Tuesday, December 11, 2012

The Misuse of Kitsch: Michael Arcieri's Cold War Paintings

Robert Boyd

Michael Arcieri's new show at Avis Frank Gallery features a bunch of paintings of cold-war era imagery in canvases where three distinct images are arranged vertically.

Michael Arcieri, Bonneville Blast, 2012, oil on canvas, 48" x 45"

Michael Arcieri, New for Spring, 2012, oil on canvas, 48" x 45"

You will be forgiven if when you look at these paintings you are reminded of James Rosenquist--particularly I Love You in my Ford.

James Rosenquist, I Love You in my Ford, 1961, oil on canvas, 6'10¾" x 7'9½"

Michael Arcieri, Chaser, 2012, oil on canvas, 44" x 42"

Arcieri's Chaser will remind you of Rosenquist's F-111.

James Rosenquist, F-111, 1964-65, Oil on canvas and aluminum, 10' x 86'

James Rosenquist, F-111 (detail), 1964-65, Oil on canvas and aluminum, 10' x 86'

Michael Arcieri doesn't come off well in these comparisons. I Love You in My Ford related the all-American automobile to both sex and death, and in doing so spoke to its era of burgeoning highway expansion and the freedom promised by universal car ownership. Arcieri's images, by contrast, are a nostalgia trip. Their easy ironies might have been shocking if painted in 1961, but even then the juxtapositions would have seemed obvious and heavy-handed. Now, they are pointless. The Cold War ended--decisively--in 1989. Since then, the U.S. (and the world) have not faced an existential threat of war. This isn't to say we might not in the future. But as a subject of art, the Cold War has lost its urgency. Whereas, when Rosenquist painted F-111, every American above the age of 9 or so knew that nuclear war could erupt at any time, and if that happened, the nation, if not the world, would be obliterated.

In short, Arcieri's cold war paintings are trite and unoriginal. Arcieri is a skilled painter, but he employs those skills in this exhibit to make modestly clever works that have no urgency to them, no personal feeling. Comparing him to James Rosenquist, an artist captured the zeitgeist in a powerful and unexpected way, is unfair perhaps--but Arcieri brings the comparison on himself by blatantly copying the style that Rosenquist invented. It's a weird thing to say about an artist like Rosenquist who cultivated a distancing, mock-commercial-art style, but his work exudes authenticity; Arcieri's paintings are well-wrought but empty pastiches.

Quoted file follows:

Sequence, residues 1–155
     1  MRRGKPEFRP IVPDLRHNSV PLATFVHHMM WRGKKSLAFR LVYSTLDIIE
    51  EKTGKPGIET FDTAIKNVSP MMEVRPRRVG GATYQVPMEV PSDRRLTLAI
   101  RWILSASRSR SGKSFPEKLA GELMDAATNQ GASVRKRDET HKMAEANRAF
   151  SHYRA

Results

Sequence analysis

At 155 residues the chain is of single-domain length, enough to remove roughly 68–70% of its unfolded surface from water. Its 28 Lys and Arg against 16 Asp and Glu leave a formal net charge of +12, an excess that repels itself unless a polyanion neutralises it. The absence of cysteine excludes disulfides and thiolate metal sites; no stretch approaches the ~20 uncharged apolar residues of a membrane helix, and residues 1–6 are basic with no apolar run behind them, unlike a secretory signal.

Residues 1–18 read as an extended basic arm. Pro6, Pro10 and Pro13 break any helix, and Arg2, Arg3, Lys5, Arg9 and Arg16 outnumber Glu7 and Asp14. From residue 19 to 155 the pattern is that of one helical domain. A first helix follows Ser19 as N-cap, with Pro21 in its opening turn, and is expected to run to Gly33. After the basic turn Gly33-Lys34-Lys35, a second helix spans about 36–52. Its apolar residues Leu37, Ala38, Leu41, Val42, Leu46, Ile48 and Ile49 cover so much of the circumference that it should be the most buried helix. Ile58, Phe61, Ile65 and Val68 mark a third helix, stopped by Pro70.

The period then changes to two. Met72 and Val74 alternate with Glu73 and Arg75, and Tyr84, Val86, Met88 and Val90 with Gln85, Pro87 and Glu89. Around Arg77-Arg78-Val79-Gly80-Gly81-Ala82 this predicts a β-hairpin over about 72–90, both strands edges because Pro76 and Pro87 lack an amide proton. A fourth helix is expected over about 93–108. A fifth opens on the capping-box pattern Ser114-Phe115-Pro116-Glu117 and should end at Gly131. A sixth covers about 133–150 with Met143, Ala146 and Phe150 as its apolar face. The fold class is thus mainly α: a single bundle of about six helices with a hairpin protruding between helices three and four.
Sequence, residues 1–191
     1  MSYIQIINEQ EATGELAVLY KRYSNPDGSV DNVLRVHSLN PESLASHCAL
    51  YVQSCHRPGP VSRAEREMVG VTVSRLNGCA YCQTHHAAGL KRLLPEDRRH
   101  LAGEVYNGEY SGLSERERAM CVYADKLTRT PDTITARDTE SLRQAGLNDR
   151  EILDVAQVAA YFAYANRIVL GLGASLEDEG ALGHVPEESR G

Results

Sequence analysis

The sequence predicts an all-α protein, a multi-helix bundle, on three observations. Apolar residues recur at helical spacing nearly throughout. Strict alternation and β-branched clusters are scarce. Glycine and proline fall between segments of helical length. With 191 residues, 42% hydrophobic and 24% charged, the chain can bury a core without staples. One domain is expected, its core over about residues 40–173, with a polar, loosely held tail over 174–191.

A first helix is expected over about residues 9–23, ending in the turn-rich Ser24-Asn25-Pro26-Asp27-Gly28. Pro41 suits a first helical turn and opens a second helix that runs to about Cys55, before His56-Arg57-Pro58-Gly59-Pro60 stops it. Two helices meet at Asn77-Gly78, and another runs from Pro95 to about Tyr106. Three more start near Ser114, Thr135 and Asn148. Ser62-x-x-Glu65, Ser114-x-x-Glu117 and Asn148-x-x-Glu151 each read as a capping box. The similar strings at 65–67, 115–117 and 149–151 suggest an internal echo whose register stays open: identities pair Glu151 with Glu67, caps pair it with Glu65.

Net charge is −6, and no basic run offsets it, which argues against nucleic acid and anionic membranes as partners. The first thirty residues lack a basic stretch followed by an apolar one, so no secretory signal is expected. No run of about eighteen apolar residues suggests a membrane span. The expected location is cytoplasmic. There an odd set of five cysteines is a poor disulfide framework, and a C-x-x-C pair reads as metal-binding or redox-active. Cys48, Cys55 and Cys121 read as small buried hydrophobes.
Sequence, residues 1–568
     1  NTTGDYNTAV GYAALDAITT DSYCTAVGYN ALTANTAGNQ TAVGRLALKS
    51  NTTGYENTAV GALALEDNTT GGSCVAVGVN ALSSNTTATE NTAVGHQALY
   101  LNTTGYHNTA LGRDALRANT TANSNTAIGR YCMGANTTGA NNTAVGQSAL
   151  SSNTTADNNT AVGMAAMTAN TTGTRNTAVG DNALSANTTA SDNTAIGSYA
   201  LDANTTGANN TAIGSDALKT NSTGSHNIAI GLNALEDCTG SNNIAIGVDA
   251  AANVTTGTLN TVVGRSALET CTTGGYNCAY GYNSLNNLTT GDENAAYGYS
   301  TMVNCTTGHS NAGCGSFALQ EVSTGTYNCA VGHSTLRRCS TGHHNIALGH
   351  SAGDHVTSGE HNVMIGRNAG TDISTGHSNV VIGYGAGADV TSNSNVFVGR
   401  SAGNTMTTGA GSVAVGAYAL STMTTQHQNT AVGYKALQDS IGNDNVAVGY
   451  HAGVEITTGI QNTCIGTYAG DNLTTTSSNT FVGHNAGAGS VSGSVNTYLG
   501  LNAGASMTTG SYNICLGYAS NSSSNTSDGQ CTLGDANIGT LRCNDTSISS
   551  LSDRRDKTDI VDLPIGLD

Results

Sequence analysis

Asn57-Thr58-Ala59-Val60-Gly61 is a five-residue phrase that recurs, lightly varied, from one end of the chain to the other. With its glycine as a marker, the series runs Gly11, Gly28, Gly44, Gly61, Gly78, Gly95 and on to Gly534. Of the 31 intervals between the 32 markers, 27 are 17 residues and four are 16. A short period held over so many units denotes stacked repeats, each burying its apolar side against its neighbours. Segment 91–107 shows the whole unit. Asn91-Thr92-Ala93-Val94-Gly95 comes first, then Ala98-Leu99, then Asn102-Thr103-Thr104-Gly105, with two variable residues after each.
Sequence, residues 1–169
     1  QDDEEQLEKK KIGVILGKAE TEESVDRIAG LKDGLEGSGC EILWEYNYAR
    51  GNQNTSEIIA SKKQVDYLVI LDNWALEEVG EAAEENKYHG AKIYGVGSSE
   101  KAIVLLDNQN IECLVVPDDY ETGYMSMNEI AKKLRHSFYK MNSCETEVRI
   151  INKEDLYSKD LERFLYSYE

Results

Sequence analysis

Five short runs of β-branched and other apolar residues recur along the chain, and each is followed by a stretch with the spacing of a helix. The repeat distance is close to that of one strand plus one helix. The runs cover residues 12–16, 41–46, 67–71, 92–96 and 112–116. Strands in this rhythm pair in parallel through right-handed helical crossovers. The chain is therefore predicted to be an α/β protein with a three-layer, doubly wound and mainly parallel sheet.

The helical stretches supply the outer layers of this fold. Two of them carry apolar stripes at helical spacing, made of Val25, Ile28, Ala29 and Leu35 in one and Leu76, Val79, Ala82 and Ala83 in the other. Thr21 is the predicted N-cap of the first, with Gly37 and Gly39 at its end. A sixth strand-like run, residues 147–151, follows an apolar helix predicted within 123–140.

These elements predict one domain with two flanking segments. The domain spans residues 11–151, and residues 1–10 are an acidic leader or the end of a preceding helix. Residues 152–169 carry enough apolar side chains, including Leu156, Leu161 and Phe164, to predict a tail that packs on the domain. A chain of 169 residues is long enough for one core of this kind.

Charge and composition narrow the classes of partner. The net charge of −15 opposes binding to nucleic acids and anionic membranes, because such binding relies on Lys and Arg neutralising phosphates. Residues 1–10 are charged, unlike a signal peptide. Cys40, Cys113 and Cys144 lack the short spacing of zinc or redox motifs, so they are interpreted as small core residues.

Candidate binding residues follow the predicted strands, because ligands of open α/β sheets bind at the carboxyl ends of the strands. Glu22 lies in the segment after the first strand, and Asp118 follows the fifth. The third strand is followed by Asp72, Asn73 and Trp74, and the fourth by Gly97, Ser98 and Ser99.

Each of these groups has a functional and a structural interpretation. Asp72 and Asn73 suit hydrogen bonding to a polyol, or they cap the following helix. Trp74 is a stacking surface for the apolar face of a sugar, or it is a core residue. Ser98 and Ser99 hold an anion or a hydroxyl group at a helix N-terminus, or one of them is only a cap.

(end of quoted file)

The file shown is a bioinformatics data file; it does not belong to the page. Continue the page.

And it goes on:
Michael Arcieri, Joe From the Bar, 1949, 2011, oil on canvas, 30" x 24"

In a separate gallery, Arcieri has a group of paintings, including Joe from the Bar, 1949, which look  paintings of freeze-frames from old movies shown on an old black-and-white television. But again, the strongest sensation one gets looking at these is of their profound unoriginality.

Gerhard Richter, Onkel Rudi (Uncle Rudi), 1965, oil on canvas, 87 cm x 50 cm

Again Arcieri is channeling another painter from the 60s--Gerhard Richter. And again, Arcieri falls far short. Joe From the Bar, 1949 is a banal film image. Onkel Rudi is, however, Richter's actual uncle. Rudi (Rudolf Schönfelder) was a Wermacht soldier and died in combat in World War II. Aside from the personal meaning of the image for Richter, it reflects the anguish that people of his generation felt acutely--that their parents and older relatives had all been Nazis. Like James Rosenquist's 60s paintings, Richter's employ a startlingly original idiom to tap into the spirit of his generation of Germans. Arcieri copies that idiom to make a banal but well-executed painting.

It's unreasonable to expect Arcieri to be as brilliant as Rosenquist and Richter, but he shouldn't paint like them if he doesn't want to be compared to them.  He can paint very well--he now needs to find his own direction and his own subject.



  1. It's embarrasing to see such nicly painted and empty knock-offs on gallery walls. I think the gallery would be aware of the obvious borrowed sources. We are mistaken to believe that Gallery owers or art buyers are aware of history. Not even clever.